Children Under Siege

Anger Boils Over as Ranks of Jobless Youth Swell

When images of North London's gutted and burning buildings, broken shop windows and refuse-lined streets appeared on TV screens and front-page headlines during the four-day Tottenham riots last August, many dismissed the damage as the work of "hoodlums" and "delinquents".

UNICEF Funding Falls Short Leaving Millions of Children at Risk

If the United Nations Children’s Fund (UNICEF) had 1.28 billion dollars it could help 97 million people around the world.

Photos of Armed Children Ignite Scandal in Venezuela

A radical political group based in a working class neighbourhood of the Venezuelan capital has sparked a furore by publishing photographs of children from the community, with their faces partially hidden, brandishing AR-15 assault rifles.

PAKISTAN-INDIA: Women Expose Secret Genital Cutting Rite

"It was a dark and dingy room, where an elderly woman asked me to take off my panties, made me sit on a low wooden stool with my legs parted and then did something…I screamed out in pain," recalls Alefia Mustansir, 40, of her childhood experience.

U.S.: Forced Marriages Still an Ugly Secret

Two years ago, 40-year-old Vidya Sri decided to leave the devastating marriage her parents had forced her into nearly two decades ago. Alone for the first time, she began an earnest quest for support groups, women's organisations or service providers who might help her in the healing process.

PAKISTAN: Violence, Death Stalk Child Domestic Help

"He was a happy child, my younger brother," Mohammad Ramzan, 18, reminisced, his voice steeped in sadness.

EL SALVADOR: Gangs May Be Scapegoat for Soaring Murder Rate

El Salvador is one of the most violent countries in the world, with one of the highest murder rates. But the authorities cannot agree on whether or not most of the killings should be laid at the door of the youth gangs known as "maras".

SRI LANKA: Poorest Still Go Hungry

Experts agree that Sri Lanka's free pre and postnatal clinics across the island nation have helped bring infant mortality down to 15 per 1,000 live births and the under-five mortality rate to 21 per 1,000 live births.

INDIA: Advancing Economy Reveals a Hungry Underbelly

Even a year after Rani, a three-year-old tribal girl in the backward Wayanad district of southern Kerala state, was treated in a government hospital for gastroenteritis she remains grossly underweight and suffers from frequent bouts of diarrhoea.

JAPAN: Pushing Nuclear Exports After Fukushima

Japan plans to boost civilian nuclear exports even as it tries to appease its population angered at radiation leaks from the Fukushima Daiichi nuclear power plant, crippled by an earthquake and tsunami on Mar. 11, last year.

THAILAND: Malay-Muslim Insurgency – Lessons Learnt

Teachers’ Day on Jan. 16 was a sombre affair in Thailand’s troubled southern provinces where memories are strong of 155 educators killed over the past eight years in an insurgency led by Malay-Muslim separatists.

MEXICO: Cross-Border Child Custody, a Legal Tangle

Mexican or foreign-born children being held by one of their parents in this or another country are caught up in a legal tangle marred by red tape and the arbitrary powers of judges, according to experts.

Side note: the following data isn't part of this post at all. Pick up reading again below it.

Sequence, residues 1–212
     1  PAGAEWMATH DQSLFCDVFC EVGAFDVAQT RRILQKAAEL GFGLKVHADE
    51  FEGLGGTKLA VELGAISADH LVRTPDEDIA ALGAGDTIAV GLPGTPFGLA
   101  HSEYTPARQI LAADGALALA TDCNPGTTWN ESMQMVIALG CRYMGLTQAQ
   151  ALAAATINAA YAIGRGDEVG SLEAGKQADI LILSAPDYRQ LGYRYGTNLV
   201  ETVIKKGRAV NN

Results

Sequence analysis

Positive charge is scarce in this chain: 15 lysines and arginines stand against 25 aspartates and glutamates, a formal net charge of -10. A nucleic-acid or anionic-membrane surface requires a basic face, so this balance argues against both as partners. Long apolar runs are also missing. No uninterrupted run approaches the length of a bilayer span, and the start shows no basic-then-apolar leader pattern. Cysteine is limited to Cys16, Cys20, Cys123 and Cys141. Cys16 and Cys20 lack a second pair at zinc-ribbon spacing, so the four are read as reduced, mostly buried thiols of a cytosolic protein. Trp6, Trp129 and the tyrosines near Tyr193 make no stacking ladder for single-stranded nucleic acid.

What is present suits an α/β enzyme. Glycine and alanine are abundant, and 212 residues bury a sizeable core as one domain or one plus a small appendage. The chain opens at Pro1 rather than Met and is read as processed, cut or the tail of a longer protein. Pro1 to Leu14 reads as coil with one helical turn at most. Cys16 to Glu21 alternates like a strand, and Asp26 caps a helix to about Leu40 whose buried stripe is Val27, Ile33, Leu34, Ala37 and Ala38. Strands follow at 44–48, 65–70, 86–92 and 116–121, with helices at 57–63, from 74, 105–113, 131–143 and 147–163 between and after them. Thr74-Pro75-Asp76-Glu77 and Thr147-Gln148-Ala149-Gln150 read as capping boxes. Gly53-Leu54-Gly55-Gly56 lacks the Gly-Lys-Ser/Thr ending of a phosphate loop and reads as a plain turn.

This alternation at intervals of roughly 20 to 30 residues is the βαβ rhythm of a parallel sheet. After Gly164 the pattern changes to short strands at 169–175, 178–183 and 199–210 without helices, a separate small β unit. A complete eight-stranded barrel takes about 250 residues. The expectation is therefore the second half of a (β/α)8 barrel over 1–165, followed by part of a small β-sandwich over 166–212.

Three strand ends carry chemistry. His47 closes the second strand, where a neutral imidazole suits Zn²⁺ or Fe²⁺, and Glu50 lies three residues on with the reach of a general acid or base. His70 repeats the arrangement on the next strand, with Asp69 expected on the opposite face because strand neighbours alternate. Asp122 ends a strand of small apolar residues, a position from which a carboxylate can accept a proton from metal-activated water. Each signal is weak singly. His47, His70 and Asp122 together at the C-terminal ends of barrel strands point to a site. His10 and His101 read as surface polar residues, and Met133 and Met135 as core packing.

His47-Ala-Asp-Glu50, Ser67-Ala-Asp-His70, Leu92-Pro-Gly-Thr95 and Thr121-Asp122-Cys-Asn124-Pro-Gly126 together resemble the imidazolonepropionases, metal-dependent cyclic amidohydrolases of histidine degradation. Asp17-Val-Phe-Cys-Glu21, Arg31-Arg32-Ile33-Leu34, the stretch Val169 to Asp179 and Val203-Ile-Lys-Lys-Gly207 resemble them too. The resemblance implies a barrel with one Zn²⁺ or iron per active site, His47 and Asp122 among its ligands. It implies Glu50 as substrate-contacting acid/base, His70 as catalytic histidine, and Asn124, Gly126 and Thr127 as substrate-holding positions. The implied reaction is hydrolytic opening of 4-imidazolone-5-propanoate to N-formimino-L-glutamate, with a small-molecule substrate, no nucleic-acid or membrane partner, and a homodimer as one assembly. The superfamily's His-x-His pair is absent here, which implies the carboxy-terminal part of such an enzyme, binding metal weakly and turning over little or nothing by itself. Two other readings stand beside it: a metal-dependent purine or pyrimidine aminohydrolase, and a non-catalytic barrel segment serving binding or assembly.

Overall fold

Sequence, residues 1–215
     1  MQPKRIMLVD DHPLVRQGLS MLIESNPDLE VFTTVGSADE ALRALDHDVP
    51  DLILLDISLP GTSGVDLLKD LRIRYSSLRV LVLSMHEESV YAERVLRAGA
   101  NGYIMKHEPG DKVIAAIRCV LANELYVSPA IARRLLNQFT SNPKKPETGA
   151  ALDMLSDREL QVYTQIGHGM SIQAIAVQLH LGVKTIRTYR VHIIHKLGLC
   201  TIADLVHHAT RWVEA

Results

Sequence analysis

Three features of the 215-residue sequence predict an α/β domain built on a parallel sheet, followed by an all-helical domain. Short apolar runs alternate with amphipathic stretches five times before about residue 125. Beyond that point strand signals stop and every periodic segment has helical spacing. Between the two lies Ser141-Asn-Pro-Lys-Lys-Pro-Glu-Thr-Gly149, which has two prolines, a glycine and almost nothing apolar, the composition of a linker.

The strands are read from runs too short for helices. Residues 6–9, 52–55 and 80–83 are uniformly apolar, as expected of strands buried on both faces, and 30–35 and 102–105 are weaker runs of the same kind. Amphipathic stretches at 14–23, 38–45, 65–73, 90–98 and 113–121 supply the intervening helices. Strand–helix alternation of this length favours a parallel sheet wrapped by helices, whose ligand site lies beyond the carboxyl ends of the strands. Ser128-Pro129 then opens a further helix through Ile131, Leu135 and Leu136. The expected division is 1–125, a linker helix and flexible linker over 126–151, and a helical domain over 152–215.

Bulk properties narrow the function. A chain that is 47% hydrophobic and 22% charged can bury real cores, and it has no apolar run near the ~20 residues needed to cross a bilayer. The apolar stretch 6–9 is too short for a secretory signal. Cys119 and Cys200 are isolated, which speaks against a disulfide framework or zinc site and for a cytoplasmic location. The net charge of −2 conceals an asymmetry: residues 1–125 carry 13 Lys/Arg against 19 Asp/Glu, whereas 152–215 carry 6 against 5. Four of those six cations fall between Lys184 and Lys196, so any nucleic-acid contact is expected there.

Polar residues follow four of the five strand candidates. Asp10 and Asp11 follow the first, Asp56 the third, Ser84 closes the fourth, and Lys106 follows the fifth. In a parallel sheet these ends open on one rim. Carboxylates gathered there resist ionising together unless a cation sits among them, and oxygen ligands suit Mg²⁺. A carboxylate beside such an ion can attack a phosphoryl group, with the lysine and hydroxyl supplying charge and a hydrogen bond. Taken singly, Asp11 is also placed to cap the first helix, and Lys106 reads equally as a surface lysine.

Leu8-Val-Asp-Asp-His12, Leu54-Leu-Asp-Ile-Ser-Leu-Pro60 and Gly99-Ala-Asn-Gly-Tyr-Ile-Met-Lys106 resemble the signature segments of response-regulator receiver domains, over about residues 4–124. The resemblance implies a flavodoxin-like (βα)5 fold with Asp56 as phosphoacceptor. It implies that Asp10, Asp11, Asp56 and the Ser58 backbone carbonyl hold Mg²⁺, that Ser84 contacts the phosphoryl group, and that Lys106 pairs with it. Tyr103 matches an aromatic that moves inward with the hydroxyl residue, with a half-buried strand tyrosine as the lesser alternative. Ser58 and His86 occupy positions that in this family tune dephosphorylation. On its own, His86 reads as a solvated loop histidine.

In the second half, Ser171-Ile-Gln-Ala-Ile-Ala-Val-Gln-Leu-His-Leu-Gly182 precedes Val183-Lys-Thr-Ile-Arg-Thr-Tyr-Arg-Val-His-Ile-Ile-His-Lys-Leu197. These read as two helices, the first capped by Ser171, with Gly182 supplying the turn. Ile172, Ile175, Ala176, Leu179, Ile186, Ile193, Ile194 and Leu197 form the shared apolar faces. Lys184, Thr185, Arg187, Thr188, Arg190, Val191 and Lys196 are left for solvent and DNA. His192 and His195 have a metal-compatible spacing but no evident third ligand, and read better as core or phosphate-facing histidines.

AFGHANISTAN: Catch ’em Young, for Prostitution

Soma was a teenager in the northern city of Mazar-e-Sharif when her grandfather arranged her marriage to a husband she had never met.

JAPAN: New Year Brings Economic Aftershocks

Hideo Sato, 47, and his family escaped to this snowy city 200 km from the radiation emitting Fuksuhima power plant that was struck by a massive earthquake-driven tsunami on Mar. 11.

U.S.: Despite Obesity Crisis, Govt Slow to Rein in Fast Food Industry

When the fast food chain McDonald's decided to add oatmeal to its menu in January 2011, it literally sugar-coated the offering as a "portable, affordable and balanced breakfast solution... to help make it easier and more inviting for our guests to eat more whole grains and fruits".

MIDEAST: Some Comfort Fails to End Agony

Yousef walks barefoot into a children's room with four beds and points to a snoopy-blanketed bed by the window. "That's where I sleep," he says. A red remote-controlled toy racecar sits atop a new mini-laptop. The closet is full of clothes, a pot of soup simmering on the gas range in the spacious kitchen, and the wooden dining table is piled with seasonal fruit.

The vinchuca bug, which transmits Chagas disease, often lives in cracks in mud walls. Credit: Paul Lowry/CC BY 2.0

BRAZIL: Child-Adapted Formula to Deal Major Blow to Chagas Disease

A new paediatric formulation developed in Brazil holds out hope for a cure for over 90 percent of newborn babies infected with Chagas disease, a parasitic infection endemic in 21 Latin American countries, where it kills more people every year than malaria.

Celebrity Power Boosts U.N.’s New Anti-Trafficking Campaign

It happens every day across the globe, with many of its young victims lured by false promises into the world's third most profitable criminal activity. This is human trafficking.

EL SALVADOR: Giving Young Slum Dwellers a Chance

In a country where hard-line policies have failed to make a dent in soaring levels of violent crime, Salesian priest José María Moratalla has produced good results by offering educational and vocational opportunities to juvenile offenders and young people at risk of falling into crime.

U.S.: The ‘School to Prison Pipeline’: Education Under Arrest

Metal detectors. Teams of drug-sniffing dogs. Armed guards and riot police. Forbiddingly high walls topped with barbed wire.

Toxins Rob More Than a Decade of Life from Millions

Toxic pollution affects the health of more than 100 million people, shortening their productive life spans by an astonishing 12.7 years on average.

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